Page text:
A family that no longer spends very much time together decides to go on a long-planned desert hike to try to mend what is broken. The father doesn’t take things seriously at first, but as things begin to go from bad to worse, he sees the cost of his actions. His wife falls unconscious after falling off of a cliff face, his daughter sustains a leg injury, and he sustains multiple life-threatening injuries. As they limp around the desert in search of food, water, and help, will they ever be saved?
Production Quality (.5 point)
In an attempt to shoot and outdoor adventure, some elements of the production of Desert Redemption are not half bad, such as the video quality and the realistic sets. Lighting is improved outside, but there are still a myriad of issues that detract from these small positives. Camera work is very shaky and audio quality is often so bad that the characters cannot be understood. While the soundtrack is interesting, it is often too loud and out of place. There are also a lot of loud outdoor noises. The runtime is dominated by scenery footage, and thus, no editing is present. Essentially, this is more of an effort than usual for Faith House, but still not good enough.
Plot and Storyline Quality (0 points)
Once again, there is barely any plot to speak of in this film. Three characters go into the desert and start getting tons of injuries. From there, it’s just one manufactured drama after another with a dose of juvenile Christianity. Everything bad happens at once and in a laughable fashion. It really just boils down to a predictable survival plot, just done very poorly. Though there are only three main characters in this film, they do not develop into realistic people but instead remain wooden due to lack of substantial dialogue. Instead, there are too many sequences of characters laying around grunting and breathing hard. Then, when the time runs out, everything gets fixed through narration. As if it couldn’t get any worse, this is probably Faith House’s thinnest plot to date. So why are they still writing plots?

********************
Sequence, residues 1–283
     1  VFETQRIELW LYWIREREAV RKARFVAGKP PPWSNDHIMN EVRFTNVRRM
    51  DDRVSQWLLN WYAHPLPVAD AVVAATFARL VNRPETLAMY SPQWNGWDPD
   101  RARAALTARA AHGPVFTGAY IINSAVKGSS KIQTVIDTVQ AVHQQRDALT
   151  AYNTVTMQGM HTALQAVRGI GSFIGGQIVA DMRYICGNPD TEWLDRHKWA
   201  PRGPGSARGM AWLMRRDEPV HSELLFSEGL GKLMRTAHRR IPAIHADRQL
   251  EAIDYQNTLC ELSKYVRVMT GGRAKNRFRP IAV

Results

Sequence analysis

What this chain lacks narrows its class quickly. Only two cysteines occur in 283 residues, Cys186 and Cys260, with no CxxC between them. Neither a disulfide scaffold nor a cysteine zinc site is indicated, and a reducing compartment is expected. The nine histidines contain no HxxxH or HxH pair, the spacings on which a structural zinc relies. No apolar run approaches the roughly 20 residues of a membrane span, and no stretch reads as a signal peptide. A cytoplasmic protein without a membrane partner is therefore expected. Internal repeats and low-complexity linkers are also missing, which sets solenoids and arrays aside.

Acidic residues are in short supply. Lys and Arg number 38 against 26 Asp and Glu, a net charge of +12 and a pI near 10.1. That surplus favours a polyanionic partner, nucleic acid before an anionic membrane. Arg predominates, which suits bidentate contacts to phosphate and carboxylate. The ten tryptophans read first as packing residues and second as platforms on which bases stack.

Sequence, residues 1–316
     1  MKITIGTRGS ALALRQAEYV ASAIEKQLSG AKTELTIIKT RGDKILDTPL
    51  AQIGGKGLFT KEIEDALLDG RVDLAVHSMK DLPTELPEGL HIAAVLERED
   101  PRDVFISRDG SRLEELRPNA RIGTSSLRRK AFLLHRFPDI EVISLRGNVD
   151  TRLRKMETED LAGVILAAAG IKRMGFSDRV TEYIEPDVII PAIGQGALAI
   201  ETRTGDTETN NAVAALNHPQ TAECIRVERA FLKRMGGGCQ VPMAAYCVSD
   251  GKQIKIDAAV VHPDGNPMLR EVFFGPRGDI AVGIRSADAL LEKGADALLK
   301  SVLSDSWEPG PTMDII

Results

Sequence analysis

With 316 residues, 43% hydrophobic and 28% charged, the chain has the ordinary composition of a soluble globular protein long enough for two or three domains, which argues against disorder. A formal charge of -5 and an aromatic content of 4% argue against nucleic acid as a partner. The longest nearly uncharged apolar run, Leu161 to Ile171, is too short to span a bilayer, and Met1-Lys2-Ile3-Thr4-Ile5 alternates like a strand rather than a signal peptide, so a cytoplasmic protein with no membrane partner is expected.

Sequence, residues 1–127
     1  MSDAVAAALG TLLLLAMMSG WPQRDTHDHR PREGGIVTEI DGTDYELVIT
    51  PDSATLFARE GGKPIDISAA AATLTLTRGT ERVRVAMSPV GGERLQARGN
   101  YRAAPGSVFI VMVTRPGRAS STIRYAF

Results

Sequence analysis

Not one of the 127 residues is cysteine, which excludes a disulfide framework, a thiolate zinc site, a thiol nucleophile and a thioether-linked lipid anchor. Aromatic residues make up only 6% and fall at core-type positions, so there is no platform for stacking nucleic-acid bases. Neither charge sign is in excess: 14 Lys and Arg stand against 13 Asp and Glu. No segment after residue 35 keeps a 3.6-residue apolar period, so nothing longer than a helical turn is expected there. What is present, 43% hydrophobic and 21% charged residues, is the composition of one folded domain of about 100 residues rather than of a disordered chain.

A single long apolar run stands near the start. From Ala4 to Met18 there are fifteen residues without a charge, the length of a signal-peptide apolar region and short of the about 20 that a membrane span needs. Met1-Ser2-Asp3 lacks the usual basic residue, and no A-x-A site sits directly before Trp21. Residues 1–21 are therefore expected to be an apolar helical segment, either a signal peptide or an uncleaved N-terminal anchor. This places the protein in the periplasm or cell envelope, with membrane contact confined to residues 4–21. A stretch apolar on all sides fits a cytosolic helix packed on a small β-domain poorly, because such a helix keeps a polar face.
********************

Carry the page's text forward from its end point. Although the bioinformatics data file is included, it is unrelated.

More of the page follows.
Acting Quality (0 points)
In perhaps the smallest cast ever, the three main cast members are very juvenile and amateurish. They have no clear direction in their acting as they awkwardly force emotions and lines. They also demonstrate some of the most laughable injury acting we have ever witnessed. If they mean well, which we are sure they do, it’s unfortunate that they are portrayed in this fashion.
We ask ourselves time and again: how can a studio this juvenile and unprofessional continually fund feature-length films? How were A Calling of Courage, A Box of Faith, and this one not forced to be short films? They barely have enough plot content to be thirty minutes long without all the wasted footage and activities of daily living. What has happened in the world of Christian film to allow films such as these to exist? Somebody has some serious soul searching to do.
Final Rating: .5 out of 10 point
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